The good news is that I was able to do what I set out to do and the competitive pricing application was well received. I began seeking other opportunities to convert manual paper processes to a digital format. The conversions improved productivity through input validations, integration of known information, and the electronic transmission of data. An example of one of the solutions was a report that we used to email to all of our stores on a weekly basis. The report was a large file and the stores had to filter through the document to find the information that was pertinent to their particular store. I developed a program that would parse the data, create a store specific file, and automatically email the stores their individualized report. I can still feel the excitement upon successfully executing this program.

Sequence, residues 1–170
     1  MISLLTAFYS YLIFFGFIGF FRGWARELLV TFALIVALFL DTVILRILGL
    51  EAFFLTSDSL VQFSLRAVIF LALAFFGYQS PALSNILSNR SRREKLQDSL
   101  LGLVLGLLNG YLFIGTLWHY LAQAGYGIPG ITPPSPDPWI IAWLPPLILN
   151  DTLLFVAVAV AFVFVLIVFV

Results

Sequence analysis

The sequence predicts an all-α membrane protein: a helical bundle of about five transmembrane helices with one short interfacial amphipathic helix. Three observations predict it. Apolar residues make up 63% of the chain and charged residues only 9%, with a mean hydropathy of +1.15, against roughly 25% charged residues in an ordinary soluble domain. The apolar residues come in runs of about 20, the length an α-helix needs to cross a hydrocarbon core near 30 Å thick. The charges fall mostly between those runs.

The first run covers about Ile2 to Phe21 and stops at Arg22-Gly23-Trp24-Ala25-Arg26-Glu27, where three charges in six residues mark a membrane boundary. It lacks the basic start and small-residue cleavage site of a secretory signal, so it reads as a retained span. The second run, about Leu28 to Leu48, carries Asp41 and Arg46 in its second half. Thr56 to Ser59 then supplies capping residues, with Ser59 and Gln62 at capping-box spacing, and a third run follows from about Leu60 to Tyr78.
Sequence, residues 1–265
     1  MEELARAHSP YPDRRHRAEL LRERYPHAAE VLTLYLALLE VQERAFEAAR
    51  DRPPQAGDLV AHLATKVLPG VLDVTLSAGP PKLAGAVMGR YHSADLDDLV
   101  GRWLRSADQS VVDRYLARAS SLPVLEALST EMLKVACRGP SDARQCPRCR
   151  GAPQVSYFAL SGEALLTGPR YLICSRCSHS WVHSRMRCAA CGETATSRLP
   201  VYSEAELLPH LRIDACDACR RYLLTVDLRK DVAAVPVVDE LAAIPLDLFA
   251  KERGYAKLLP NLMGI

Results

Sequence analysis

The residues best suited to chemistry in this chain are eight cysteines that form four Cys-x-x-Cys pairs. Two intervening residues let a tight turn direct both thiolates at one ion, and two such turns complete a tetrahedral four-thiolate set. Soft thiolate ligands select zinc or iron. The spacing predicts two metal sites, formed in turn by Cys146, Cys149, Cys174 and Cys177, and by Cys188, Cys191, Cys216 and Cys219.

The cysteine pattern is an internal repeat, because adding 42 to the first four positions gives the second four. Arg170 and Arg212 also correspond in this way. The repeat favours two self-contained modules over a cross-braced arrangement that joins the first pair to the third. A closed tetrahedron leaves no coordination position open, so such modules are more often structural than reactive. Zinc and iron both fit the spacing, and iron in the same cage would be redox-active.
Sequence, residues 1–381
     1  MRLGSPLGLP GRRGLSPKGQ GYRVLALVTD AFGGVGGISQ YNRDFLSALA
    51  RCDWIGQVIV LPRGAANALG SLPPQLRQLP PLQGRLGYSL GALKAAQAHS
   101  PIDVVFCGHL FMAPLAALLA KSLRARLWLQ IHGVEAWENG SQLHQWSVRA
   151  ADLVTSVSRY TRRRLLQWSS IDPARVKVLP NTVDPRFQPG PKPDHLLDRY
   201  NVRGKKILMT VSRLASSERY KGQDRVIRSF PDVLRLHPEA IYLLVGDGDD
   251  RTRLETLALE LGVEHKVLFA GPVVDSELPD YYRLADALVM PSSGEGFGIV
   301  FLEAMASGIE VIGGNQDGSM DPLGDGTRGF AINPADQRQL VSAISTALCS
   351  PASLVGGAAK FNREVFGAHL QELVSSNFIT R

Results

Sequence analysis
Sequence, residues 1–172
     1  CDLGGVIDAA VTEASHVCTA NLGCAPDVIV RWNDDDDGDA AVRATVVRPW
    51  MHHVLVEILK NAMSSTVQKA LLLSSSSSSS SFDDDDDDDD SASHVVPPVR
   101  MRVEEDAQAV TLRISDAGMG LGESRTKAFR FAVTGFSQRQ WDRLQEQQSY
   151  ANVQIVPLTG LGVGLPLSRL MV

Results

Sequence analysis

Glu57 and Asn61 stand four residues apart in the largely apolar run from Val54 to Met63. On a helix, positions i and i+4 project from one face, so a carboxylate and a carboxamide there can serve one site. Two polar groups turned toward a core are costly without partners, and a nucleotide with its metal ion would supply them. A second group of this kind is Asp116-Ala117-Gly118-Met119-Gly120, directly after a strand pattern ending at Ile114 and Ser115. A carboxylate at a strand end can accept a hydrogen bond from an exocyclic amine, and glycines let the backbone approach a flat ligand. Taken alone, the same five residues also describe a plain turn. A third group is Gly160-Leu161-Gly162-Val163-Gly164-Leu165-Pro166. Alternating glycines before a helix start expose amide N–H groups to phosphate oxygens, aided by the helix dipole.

Merchandising Systems was born. I had gone from a store associate to an intern to an administrative assistant to a merchandising systems analyst. The merchandising systems analyst was a brand new role created specifically for the work that I was doing within the organization. This is an example of entrepreneurship within a multi-billion dollar company. Identifying a need and working to fill it. I have been fortunate throughout my corporate career to rarely hold a “job” where I would repetitively do something day in and day out.